To characterize the initial pink gel and the final reaction products (after quenching to room temperature) sample slurries were vacuum filtered through 0.2 μm polycarbonate membranes, washed with water and isopropanol following Rodriguez-Blanco et al. (2008) and dried at RT. The resulting solids were characterized by powder X-ray diffraction (XRD; Bruker D8 diffractometer; CuKα1; 10–75°2θ; 0.005°/step and 0.1 s/step), Fourier transform infrared (FTIR) spectroscopy (A2 Technologies MicroLab spectrometer; spectra collected between 650 and 4000 cm−1; 4 cm−1 resolution and by co-adding 1024 scans). Furthermore, all solids were imaged and analysed using a field emission gun scanning electron microscope (FEG-SEM, LEO 1530 Gemini, operated at 3 kV and with an in-lens detector and a FEG-transmission electron microscope, FEG-TEM; FEI CM200; operated at 197 kV).

The saturation index (SI) with respect to the crystalline solids was calculated using the computer code PHREEQC (Parkhurst, 1995, using the LLNL database) and is defined as the ratio between the ionic activity product (IAP) of the dissolved ions and the solubility product of the solid phase (Ksp):  
SI=logIAPKsp
(1)

Taking equation 1 into account, the saturation index (SI) is positive when the solution is supersatured with respect to the solid phase, and negative when it is undersaturated.

Results and discussion

The FEG-TEM images of the initial pink gel-like phase revealed roughly spherical nanoparticles with diameters of between 10 and 20 nm (Fig. 2a) and with few to no lattice fringes visible. Powder XRD patterns of the gel contained only three broad humps centred at ~20, 30 and 45°2θ indicating that the gel was poorly crystalline (Fig. 2b). The FTIR spectra (Fig. 2c) confirmed the carbonate (bands between 1450 and 680 cm−1), highly hydrated (broad band at ~ 3000 cm−1), and poorly ordered nature of the Nd-carbonate gel (lack of peak at 725 cm−1; for a similar pattern for a Dy-carbonate gel see Vallina et al., 2013).

Upon hydrothermal treatment, this amorphous phase transformed to a crystalline material the XRD pattern of which matched in all cases that of hexagonal neodymium hydroxycarbonate, NdCO3OH (a = 12.3579(11) Å and c = 9.9025(9) Å; Fig. 2d). The FEG-SEM images of the final products revealed different morphologies, however, depending on the heating and temperature. The solids at the end of the reaction in batch A (165°C, normal heating, no controlled temperature ramp) exhibited regular, triangular pyramidal shapes with large individual crystals ~8 μm in diameter (Fig. 3a,b), while under the same heating regime but at 220°C in batch B (normal heating, no controlled temperature ramp), cauliflower-like aggregates (up to 25 μm in diameter) were observed. These cauliflower-like aggregates had very complex micro-textures and were made up of small crystal subunits that were <500 nm in size (Fig. 3c,d). When the initial amorphous precursor gel was heated from 100 to 220°C through a 10°C/min temperature ramp (batch C), the resulting morphologies were different again. Spine-shaped aggregates between 10 and 25 μm in size consisting of subunits 1–5 μm long were formed (Fig. 3e,f). Finally, when the suspension was heated from RT to 220°C with a 10°C/min ramp (batch D) the end product consisted of long fishbone-shaped morphologies (up to 25 μm long) but again consisting of subunits with crystals of <1 μm (Fig. 3g,h).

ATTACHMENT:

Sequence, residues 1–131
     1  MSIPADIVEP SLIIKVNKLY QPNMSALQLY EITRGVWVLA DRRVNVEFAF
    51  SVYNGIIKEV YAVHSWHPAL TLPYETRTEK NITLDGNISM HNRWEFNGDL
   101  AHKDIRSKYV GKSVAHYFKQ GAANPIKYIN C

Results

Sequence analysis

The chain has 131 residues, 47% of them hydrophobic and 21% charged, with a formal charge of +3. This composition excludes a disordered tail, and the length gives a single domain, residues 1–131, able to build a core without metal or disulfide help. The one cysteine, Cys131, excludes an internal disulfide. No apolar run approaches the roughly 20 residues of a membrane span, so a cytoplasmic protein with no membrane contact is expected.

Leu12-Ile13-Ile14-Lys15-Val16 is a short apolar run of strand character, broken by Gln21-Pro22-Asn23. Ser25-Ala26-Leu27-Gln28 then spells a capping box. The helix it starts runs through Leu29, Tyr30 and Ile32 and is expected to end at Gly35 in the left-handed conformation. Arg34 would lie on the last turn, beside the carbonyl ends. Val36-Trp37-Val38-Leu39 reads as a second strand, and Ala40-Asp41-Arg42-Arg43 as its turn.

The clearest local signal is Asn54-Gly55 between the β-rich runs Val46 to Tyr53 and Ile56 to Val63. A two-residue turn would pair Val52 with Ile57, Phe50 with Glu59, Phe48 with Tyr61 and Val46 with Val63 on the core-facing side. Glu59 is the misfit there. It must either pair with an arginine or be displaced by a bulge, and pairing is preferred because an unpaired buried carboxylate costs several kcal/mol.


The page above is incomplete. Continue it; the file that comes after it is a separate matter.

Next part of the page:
The data above show clearly that in the 220°C experiments, even small differences in heating procedures led to significantly different morphologies for the resulting hexagonal NdCO3(OH) crystals. In addition, the present study is the first to report triangular pyramids and spine shapes for the highly crystalline hexagonal NdCO3OH. In contrast the fishbone and cauliflower morphologies (although somewhat different in terms of dimensions) are similar to those reported by Shang et al. (2009) who synthesized fishbone or cauliflower NdCO3OH much more quickly using an hydrothermal synthesis at 220°C over a period of 6 h. Such shape differences are important, as idiomorphic, well developed crystals of hexagonal NdCO3OH are of interest for use in modern optical technologies (Li et al., 2013).